• Eggs cooked too hot loose their water to a sad puddle on the plate—use low heat. (147)
  • Proteins in milk coagulate above 82°C, so do not bring to a boil. Cream doesn’t contain much protein, and flour prevents coagulation. (157)

Heat + Meat

  • Salt helps keep proteins from drying out, hence the pre-salt meat before cooking. (148)
  • Cook tender meat to 60°C and poultry to 70°C (internal temp). (148)
  • For tender meat, go hot and fast; for tough meat go low and slow. (148)
  • Low heat turns collagen to gelatin over time, helped by acid. (148)
  • Bring all meats to room temperature before cooking, so the outside doesn’t get overcooked by the time the inside is done. (151)
  • Get into the habit of removing meat from the fridge and salting it early. (151)
  • Resting after cooking relaxes proteins, allowing meat to retain more moisture. (179)
  • Carve against the grain for more tenderness. (179)
  • Fatty meats baste themselves while roasting, while lean meats need help not to dry out. (185)

Simmering & Poaching

  • Remove pasta from boiling water a couple minutes early and finish cooking in simmering sauce, to both flavor the noodles and thicken the sauce. (160)
  • Simmering water looks like bubbles in champagne. Poaching water looks like a glass of champagne left out over night. (161)
  • Poach fish in a mix of water, wine, and olive oil. (161)
  • For tender meat, simmer instead of boiling. (159)


  • Braising = big piece of meat + a little liquid + gentle heat + time. Stewing = small pieces of meat immersed in liquid. Both turn sinew and cartilage to gelatin. (163)
  • To enhance flavor, leave meat in large pieces and attached to bone (and salt well in advance). (164)
  • Brown meat fully on all sides. Don’t move or pick up often. Rotate pan to get an even sear. Do not allow it to fry (remove fat if it renders). Don’t rush. (164)
  • Deglaze browning pan with acid (wine or beer) to create braising liquid (remove fat first). (164)
  • Put veg on bottom, meat on top, add liquid and bring to a boil, then reduce heat to simmer. (165)
  • Lower temperatures take longer but dry meat out less. (165)
  • When braising is done, strain liquid and reduce for sauce. (165)
  • The flavour of braised meat improves and develops over a couple days after cooking. (165)

Boiling & Steaming

  • Use plenty of water when boiling: food needs to move freely to cook evenly, and overcrowding lowers the temperature. (168)
  • Remove veg slightly early to account for carryover instead of placing in an ice bath. (168)
  • Once done, spread veg out instead of piling it up, to prevent overcooking by trapped moisture. (168)
  • Boil tough greens like kale and then sauté. (169)
  • When reducing, place pan half on the burner. The boiling side will move fat to the still side for easy skimming. (170)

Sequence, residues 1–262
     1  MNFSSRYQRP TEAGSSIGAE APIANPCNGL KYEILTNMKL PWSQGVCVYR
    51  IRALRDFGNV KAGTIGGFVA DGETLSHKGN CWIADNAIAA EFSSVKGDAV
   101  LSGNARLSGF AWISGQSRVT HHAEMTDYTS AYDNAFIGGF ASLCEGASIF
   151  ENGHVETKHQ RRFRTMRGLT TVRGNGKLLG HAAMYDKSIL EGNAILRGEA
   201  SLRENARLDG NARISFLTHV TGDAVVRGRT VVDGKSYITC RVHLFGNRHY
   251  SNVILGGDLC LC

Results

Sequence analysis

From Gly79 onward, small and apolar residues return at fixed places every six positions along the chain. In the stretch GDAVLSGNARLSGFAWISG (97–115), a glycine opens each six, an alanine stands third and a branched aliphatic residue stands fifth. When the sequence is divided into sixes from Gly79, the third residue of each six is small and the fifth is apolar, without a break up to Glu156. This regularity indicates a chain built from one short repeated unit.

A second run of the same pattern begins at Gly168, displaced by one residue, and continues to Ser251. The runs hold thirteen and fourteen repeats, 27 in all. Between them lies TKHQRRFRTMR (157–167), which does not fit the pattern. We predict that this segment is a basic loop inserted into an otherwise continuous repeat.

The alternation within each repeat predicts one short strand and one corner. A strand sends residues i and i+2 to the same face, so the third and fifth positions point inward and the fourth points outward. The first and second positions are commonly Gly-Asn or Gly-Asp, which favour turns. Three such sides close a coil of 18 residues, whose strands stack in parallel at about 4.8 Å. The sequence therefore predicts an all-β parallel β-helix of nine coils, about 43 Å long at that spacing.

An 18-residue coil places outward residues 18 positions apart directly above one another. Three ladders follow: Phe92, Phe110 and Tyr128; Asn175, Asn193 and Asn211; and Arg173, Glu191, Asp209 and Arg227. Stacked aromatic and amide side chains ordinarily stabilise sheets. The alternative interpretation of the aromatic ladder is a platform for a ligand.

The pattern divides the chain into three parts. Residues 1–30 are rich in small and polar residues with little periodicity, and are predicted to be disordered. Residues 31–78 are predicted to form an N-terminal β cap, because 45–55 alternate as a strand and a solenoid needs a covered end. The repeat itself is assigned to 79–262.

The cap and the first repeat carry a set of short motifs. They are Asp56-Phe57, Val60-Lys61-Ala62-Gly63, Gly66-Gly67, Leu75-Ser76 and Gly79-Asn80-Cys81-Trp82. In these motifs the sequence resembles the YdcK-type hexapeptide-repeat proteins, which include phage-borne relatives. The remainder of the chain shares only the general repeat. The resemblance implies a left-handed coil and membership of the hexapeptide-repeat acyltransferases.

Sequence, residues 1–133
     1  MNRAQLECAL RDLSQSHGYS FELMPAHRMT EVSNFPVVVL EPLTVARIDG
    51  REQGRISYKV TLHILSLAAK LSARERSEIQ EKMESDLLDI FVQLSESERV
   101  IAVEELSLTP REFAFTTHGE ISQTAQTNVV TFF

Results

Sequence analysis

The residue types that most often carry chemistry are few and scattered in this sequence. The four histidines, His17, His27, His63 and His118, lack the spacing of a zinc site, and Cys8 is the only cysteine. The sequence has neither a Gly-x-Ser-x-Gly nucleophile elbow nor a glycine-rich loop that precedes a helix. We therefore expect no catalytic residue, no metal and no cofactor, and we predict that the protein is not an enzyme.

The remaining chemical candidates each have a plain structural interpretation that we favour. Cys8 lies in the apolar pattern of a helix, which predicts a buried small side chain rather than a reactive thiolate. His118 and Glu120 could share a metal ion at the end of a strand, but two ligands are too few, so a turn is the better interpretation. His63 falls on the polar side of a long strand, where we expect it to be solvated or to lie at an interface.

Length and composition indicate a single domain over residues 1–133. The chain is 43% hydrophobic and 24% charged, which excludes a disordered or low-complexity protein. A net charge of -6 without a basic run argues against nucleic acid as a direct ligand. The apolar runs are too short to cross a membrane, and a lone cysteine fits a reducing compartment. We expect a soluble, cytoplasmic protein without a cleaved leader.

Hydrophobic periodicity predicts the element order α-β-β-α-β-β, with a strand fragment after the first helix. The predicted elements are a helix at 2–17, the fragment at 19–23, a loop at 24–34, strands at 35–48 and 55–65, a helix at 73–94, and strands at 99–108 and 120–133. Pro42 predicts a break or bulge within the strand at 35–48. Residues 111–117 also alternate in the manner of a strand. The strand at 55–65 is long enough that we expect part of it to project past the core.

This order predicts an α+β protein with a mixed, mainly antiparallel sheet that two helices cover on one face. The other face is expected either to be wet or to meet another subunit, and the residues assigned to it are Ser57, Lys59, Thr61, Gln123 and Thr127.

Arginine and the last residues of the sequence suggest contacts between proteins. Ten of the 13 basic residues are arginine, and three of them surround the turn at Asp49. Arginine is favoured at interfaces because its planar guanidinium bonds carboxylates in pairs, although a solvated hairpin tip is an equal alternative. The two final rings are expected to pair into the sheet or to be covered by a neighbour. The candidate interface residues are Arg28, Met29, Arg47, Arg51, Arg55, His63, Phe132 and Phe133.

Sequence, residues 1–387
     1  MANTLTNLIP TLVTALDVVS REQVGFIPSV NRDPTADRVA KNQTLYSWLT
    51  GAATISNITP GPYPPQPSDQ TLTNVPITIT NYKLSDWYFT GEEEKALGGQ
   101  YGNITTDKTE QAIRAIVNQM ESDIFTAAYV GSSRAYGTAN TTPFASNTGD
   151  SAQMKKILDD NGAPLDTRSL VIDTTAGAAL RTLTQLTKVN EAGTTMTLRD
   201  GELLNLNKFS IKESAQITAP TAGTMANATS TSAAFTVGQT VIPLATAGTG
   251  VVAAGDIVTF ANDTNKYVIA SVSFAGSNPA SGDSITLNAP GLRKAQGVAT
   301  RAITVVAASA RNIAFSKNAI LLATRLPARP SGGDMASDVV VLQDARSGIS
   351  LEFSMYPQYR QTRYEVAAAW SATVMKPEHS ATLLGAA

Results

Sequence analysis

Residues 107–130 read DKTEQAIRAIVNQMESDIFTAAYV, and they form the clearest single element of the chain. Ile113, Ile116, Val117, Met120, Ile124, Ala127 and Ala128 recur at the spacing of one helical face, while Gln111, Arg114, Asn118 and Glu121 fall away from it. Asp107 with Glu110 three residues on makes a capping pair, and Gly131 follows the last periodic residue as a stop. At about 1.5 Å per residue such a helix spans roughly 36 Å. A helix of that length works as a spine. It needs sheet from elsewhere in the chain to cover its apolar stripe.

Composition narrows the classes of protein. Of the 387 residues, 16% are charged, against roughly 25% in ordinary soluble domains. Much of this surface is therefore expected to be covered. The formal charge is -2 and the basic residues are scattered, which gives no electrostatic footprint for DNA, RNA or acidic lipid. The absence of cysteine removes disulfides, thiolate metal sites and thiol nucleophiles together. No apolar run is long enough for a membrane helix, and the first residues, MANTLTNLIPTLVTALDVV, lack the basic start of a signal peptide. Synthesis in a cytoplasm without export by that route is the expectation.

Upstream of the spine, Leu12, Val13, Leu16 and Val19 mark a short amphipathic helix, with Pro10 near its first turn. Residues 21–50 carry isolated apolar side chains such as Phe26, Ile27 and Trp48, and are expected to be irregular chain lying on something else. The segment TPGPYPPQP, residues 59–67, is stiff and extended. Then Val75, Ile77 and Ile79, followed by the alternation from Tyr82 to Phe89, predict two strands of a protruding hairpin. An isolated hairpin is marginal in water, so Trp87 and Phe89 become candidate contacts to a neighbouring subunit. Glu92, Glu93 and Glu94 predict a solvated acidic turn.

• Steam and then brown carrots, sausages, and gyoza by adding water and cooking with lid ajar, then pouring off water and frying. (171)


  • Meat sticking to the pan means it’s not browned enough. (173)
  • Sauté is named for the flick of the wrist movement used to jump the food in the pan while frying. (174)
  • Preheat fat in the pan so food begins browning as soon as you add it. (172)
  • Don’t crowd the pan—it reduces the temperature and traps steam. (175)
  • If your stove doesn’t get hot enough for searing, pre-heat a cast iron pan in the oven. (176)

BBQ Tips

  • To impart a smokey flavour on a gas BBQ, put soaked wood chips in a disposable baking tin, cover with foil, poke holes, and place in BBQ out of direct flame, then cook food with BBQ lid closed. (153)
  • Never grill over the flame; cook over embers. (177)
  • Don’t allow rendering fat to drip and cause flare-ups. Move food around. (177)


“The goal with all cooking is to achieve your desired result on the outside and the inside at the same time.”


  • Develop recipes backward from where you want to end up. (135)
  • Removing water concentrates flavour. Overwatering while growing ingredients dilutes their taste. (137)
  • Read several recipes for a dish and stick to the parts they have in common while playing around with the rest. (199)

Practical Tips

  • Use a bread knife to cut tomatoes. (205)
  • Never skimp on olive oil, parmigiano-reggiano cheese, and chocolate. (207)
  • Worth the effort to DIY: grind your own spices, salt-packed anchovies, and chicken stock. (207)
  • Toss salad with your hands so you can feel when dressing has evenly coated the leaves. (215)
  • Remove beetroot skins after roasting whole by rubbing with a paper towel. (218)
  • Macerate onions in vinegar or citrus juice for 15 mins then use the liquid in salad dressing. (221)
  • To draw excess water out of cabbage for coleslaw, slice, place in colander, salt, and leave for 20 mins. (224)
  • If asparagus is thicker than a pencil, peal the stems. (235)